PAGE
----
Sunday, Aug. 6
6 and 9 p.m.
Clear Space Theatre Company
20 Baltimore Ave., Rehoboth Beach, Del.
Well-Strung, an all-gay singing-string quartet, has a musical library that might raise some eyebrows.
Chris Marchant, Daniel Shevlin, Edmund Bagnell and Trevor Wadleigh are known for mixing Lady Gaga and Rihanna hits with the likes of Bach and Vivaldi. It’s a combination not often found in a music performance but Well-Strung wants to introduce classical music to the masses through a more familiar genre — pop. Not only are they known for their cross-genre performances but their youthful presence and good looks have also been a big crowd draw.
The foursome are bandmates and roommates; they all live together in New York City, which makes for easy practice sessions. When not practicing at home, they are on tour sometimes in a different city every day of the week. The hard work has paid off as they have performed for big names such as Barack Obama and Hillary Clinton and were invited to perform at the Vatican. They’ve also shared stages with Kristin Chenoweth, Neil Patrick Harris and Audra McDonald.
The Washington Blade was able to speak with second violinist and group co-founder Marchant as they prep for their Rehoboth Beach, Del., show this weekend. Marchant revealed why he thinks classical and pop music are the perfect match, why Britney Spears tweeted their performance and the pressures of being a sex symbol.
WASHINGTON BLADE: Why did you first start playing music?
CHRIS MARCHANT: My mom made me. I was playing T-ball at the time and I was really bad at it so I wanted to quit. She said I could do that if I played a musical instrument for awhile. So I said OK and I picked violin.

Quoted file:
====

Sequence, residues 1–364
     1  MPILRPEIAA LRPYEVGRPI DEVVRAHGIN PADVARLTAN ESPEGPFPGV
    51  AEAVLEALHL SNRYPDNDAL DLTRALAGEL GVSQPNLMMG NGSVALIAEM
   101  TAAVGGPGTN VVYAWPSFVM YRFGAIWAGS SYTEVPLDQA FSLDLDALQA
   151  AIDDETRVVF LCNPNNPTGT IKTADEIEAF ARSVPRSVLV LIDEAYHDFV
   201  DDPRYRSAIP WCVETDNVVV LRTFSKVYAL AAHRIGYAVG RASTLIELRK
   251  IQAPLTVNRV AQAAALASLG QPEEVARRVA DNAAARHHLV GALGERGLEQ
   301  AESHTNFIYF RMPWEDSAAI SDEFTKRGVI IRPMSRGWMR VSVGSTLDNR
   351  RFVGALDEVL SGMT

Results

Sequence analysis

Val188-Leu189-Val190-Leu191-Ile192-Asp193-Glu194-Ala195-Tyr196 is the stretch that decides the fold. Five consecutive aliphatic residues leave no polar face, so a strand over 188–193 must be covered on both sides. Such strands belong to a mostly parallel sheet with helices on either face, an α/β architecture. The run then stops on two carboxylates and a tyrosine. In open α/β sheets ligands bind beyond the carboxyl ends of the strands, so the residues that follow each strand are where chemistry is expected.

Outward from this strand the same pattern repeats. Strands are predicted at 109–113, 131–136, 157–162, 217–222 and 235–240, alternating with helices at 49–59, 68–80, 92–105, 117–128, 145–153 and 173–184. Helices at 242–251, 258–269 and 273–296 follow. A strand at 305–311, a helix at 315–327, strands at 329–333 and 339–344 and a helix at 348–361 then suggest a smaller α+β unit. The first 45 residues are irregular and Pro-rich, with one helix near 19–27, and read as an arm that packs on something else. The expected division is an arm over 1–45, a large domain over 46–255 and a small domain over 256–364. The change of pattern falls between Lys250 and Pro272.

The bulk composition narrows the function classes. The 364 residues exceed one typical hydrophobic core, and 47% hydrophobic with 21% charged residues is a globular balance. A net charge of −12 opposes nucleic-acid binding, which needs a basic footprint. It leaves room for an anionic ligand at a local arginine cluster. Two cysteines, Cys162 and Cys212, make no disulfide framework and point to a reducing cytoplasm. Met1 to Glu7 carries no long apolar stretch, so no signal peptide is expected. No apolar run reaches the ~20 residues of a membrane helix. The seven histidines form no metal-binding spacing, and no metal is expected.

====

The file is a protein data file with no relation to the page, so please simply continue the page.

BLADE: How did you get involved with Well-Strung?
MARCHANT: I co-created the group with our manager Mark (Cortale). In 2010 I was up in Provincetown and Cape Cod doing another show because I used to do musical theater prior to this. I would play my violin on the street just to make extra money in the summer time. Mark was a producer in town at a theater and he saw me playing. So we started collaborating on what making a show together might look like. And we started looking for other people who would be interested.
BLADE: Is Well-Strung everyone’s only job or do you have side projects?
MARCHANT: It’s our only job. We kind of transitioned into that at different times. A couple of the guys used to cater or teach music or take freelance gigs. I used to bartend. But nobody really has time anymore.
BLADE: What do you think classical styles bring to pop songs?
MARCHANT: One of my favorite things that we do is explore the crossover between pop and classical music. Classical music is kind of intimidating for the average music listener because the library is just so wide. There’s just so much material. So it can be a little bit daunting to try and get into it. So what we try to do is highlight some of the crossovers in our covers between classical pieces and the pop songs. It’s always amazing to me when a chord progression used in a Bach partita lines up with something that is a mega hit by Taylor Swift today. People don’t realize that the underlying bed of music can be quite similar at times. That’s not always the case. But it’s surprising how often that is true. Also, I think the different textures that classical music creates is a little more different and intricate than pop music today. But we try to show what the past has offered musically and that is not irrelevant by any means.
BLADE: Has anyone told you that after listening to your performance you got them more into classical music?